The numbers don’t lie (at least that’s what they tell us). So we believe them when they say that Southwest Florida is theater-crazy. There are, at a minimum, 15 different groups or venues putting on performances in the coming season.
Don’t believe me? You can see national touring productions at the Barbara B. Mann Performing Arts Hall and at the Philharmonic Center. Florida Rep continues to get singled out by national writers as one of the best companies in the country. Gulfshore Playhouse blends the best of Broadway with edgy dramas. TheatreZone brings in high-level actors to perform lost Broadway classics.
If you tend to get hungry during a show, try the Broadway Palm Dinner Theatre. If you prefer for your dinner theater to double as transportation, you can catch a ride on the Seminole Gulf Railway for a murder mystery.
Then there are local production companies from the big (Naples Players, Theatre Conspiracy, Herb Strauss Theater) to the small (Laboratory Theater of Florida, Royal Palm Players, Shakespeare in Paradise). Heck, Marco Island has two separate volunteer companies—Island Theater Co. and Marco Players.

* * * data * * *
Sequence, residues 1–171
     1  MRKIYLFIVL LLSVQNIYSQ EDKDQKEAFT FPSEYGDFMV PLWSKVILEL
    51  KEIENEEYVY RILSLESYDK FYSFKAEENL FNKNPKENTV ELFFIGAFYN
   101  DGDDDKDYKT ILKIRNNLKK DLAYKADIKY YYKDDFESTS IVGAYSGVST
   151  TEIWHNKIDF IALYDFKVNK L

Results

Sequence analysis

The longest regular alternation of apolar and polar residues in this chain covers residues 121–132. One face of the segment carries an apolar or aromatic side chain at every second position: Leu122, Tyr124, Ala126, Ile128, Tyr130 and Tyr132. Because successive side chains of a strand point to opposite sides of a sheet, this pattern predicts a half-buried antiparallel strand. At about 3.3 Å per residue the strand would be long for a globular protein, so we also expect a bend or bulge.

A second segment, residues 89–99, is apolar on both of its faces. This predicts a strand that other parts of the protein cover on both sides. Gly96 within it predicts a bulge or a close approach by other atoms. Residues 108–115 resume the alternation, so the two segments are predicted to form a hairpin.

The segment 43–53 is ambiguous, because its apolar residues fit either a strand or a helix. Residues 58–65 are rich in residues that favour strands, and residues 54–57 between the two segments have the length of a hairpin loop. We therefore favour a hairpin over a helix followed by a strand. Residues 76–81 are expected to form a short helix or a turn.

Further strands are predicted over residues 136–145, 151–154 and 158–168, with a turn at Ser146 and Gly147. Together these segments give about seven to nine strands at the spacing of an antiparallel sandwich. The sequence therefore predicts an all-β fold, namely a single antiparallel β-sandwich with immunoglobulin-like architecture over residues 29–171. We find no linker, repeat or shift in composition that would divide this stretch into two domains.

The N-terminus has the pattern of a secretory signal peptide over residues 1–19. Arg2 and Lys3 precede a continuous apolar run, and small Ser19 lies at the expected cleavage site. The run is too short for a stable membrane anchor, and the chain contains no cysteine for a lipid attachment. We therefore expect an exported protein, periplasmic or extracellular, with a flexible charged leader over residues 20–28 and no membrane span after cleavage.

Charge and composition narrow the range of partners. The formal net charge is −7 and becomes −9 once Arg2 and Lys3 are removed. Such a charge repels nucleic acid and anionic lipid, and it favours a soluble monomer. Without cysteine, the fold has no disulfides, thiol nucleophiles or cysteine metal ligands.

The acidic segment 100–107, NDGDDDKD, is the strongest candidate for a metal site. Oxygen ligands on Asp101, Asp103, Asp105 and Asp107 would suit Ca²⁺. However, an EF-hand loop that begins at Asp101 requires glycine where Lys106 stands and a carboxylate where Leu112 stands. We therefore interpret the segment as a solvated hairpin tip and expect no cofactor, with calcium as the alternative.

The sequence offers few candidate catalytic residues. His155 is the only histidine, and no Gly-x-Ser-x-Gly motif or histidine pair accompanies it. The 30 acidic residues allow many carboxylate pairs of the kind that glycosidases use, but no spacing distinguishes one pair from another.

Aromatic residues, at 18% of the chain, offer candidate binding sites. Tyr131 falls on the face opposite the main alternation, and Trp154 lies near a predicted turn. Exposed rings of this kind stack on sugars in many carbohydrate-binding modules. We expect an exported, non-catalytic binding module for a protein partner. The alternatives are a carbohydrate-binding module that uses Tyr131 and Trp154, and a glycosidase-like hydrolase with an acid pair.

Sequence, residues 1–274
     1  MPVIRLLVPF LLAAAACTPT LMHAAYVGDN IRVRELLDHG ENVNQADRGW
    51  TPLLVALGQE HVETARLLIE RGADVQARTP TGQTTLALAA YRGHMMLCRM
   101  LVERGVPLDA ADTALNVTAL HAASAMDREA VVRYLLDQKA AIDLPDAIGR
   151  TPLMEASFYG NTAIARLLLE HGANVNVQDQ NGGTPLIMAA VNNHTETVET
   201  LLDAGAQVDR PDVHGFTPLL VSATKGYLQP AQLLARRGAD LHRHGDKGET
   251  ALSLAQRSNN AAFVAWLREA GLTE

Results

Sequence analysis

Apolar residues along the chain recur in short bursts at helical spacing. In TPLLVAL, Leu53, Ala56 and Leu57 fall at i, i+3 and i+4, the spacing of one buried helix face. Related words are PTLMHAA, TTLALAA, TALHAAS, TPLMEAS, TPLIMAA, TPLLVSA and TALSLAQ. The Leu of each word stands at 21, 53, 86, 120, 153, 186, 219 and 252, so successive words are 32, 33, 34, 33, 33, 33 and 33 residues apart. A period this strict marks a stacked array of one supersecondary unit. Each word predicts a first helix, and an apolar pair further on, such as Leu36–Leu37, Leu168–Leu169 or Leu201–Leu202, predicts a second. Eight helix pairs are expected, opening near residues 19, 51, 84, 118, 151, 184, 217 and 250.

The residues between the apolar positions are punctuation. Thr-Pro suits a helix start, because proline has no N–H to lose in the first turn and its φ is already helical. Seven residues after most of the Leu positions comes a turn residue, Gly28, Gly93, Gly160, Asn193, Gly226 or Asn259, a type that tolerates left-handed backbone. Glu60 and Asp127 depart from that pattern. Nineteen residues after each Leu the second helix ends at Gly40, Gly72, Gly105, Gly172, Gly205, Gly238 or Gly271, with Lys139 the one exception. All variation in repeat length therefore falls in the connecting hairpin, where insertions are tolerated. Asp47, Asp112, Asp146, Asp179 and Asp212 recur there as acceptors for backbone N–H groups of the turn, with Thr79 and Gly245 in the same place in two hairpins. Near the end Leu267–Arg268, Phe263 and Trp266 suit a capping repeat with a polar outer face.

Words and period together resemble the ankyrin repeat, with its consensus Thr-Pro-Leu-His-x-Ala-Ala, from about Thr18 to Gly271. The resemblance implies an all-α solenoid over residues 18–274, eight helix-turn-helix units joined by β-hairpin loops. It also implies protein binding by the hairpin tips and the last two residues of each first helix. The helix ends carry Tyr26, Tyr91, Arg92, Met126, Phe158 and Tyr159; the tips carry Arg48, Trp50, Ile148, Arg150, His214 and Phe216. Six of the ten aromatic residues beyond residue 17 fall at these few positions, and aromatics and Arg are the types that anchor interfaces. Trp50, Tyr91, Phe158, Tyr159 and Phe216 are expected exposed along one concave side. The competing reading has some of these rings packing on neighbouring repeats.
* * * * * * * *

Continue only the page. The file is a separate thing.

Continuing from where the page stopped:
There is enough theater that my friend and former coworker Naples Daily News theater writer Chris Silk posted more than 350 blog entries on top of something like 45 reviews before the end of July, when he went dark for a month to take a much-needed vacation. “It’s the only time of the year when nothing is going on,” he told me.
Yet, the desire seems to be insatiable. Gulfshore Playhouse is upping the number of productions this year. And it’s trying to get Naples city leaders to agree to expand the Norris Center (where it performs) to add more seating.
Perhaps most surprisingly, this ramping up of theatrical performances has happened mostly during the downturn in the economy. Just five years ago, the Naples Dinner Theater dropped the curtain after 32 years to be replaced by a self-storage complex. And it looked as if some of the less well-heeled groups might follow.
I’m certain that to a man or woman, the local heads of stage would say times were grim and that things aren’t necessarily all the way better. But if Southwest Florida can support this many companies during a tough economy, those same artistic directors must be salivating at the thought of a recovery.
MUST-SEE OF THE MONTH
Although we aren’t back in the full swing of things quite yet, there is one blockbuster arts event this month that needs to be on your list of things to do. Martin Schoeller: Close Up highlights the amazing facial portraits of the German-born superstar photographer. From famous faces (see p. 176) to ordinary people, Schoeller’s extraordinary images capture a very real, and rare, intimacy.